Did she do it?
A hundred years ago, it was the Trial of the Century. A young woman stood accused of brutally murdering her father and stepmother in a crime so heinous that it became a benchmark in human tragedy.
A hundred years later, the Lizzie Borden case still resounds in the imagination. There are those who staunchly defend Lizzie’s innocence while others behemently decleare that she did it, and that the murder was justified.
In Elizabeth Engstrom’s brilliant novel, the dark psychology of the Borden household is laid bare. Lizzie, her sister Emma and their parents Andrew and Abby Borden, are sharply illuminated—as are the paranoia and concealed hatred that secretly ruled the family. Domestic violence and dysfunctional families are not inventions of modern times.
“Every door in the Borden house is metaphorically locked, and each room olds the terrible secrets of its occupant…Engstrom skillfully and subtly builds a psychological plot, moving the reader inexorably toward the anticipated savage denouement.” —Publishers Weekly
In Engstrom's fictional treatment of the famous Lizzie Borden murder case of 1892--in which Lizzie allegedly kills both her parents but is acquitted--every door in the Borden house in Fall River, Mass., is metaphorically locked, and each room holds the terrible secrets of its occupant. Emma, Lizzie's older sister, wracked by uncontrollable rages, periodically flees to New Bedford to assuage her surreptitious appetites for sex, drink and violence. Paterfamilias Andrew Borden, tyrannical and penurious in equal measure, loves nothing but money (which he hoards obsessively), concealing his sinful thoughts and acts from his obese second wife, Abby. Lizzie appears to be a serene young woman, but only because, in the author's view, she has repressed another self--angry and long denied, it burns to emerge. At first Engstrom ( Black Ambrosia ) skillfully and subtly builds a psychological plot, moving the reader inexorably toward the anticipated savage denouement. But the very same restraint and innuendo used to good effect in the novel's early portions ill serve the final bloodbath, which approaches anticlimax. Engstrom's supernatural solution to a crime so inimitably real is a cop-out.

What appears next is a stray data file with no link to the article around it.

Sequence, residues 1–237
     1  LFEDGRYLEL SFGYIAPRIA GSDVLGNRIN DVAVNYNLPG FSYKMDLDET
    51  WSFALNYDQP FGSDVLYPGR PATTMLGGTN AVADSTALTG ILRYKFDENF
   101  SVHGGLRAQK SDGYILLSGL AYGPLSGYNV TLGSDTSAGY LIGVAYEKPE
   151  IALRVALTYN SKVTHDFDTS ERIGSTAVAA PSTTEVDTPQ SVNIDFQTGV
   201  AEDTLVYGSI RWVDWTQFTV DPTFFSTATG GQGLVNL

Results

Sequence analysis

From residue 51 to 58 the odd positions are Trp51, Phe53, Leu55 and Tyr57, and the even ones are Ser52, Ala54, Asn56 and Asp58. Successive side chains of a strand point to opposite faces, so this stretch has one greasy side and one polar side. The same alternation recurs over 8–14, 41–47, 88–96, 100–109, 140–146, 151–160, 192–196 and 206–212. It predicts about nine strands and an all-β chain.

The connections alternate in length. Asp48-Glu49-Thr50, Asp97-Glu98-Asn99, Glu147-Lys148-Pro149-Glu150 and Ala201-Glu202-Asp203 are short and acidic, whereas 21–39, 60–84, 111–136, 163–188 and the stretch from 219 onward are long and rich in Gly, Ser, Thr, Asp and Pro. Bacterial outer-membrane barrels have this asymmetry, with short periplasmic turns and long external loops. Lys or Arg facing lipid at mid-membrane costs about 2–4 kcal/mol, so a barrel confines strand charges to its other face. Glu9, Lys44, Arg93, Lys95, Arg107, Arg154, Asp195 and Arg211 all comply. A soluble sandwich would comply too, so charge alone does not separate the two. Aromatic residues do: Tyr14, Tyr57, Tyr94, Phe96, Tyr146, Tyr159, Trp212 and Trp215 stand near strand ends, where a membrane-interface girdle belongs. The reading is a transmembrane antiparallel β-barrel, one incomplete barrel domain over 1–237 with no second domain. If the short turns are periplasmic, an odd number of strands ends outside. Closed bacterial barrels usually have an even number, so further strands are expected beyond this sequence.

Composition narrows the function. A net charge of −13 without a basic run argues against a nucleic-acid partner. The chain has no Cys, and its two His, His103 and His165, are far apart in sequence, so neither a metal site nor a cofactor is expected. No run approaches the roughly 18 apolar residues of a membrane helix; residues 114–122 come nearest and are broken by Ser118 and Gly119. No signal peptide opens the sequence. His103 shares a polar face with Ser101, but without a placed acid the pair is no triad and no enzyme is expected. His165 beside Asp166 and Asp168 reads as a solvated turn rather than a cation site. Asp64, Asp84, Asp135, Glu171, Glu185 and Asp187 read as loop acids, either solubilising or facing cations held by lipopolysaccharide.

Customer ReviewsSee All
Very well written.
If you are interested in the history surrounding the trial of Lizzie Borden, do not even consider this book.
Besides being completely absurd, it is poorly written.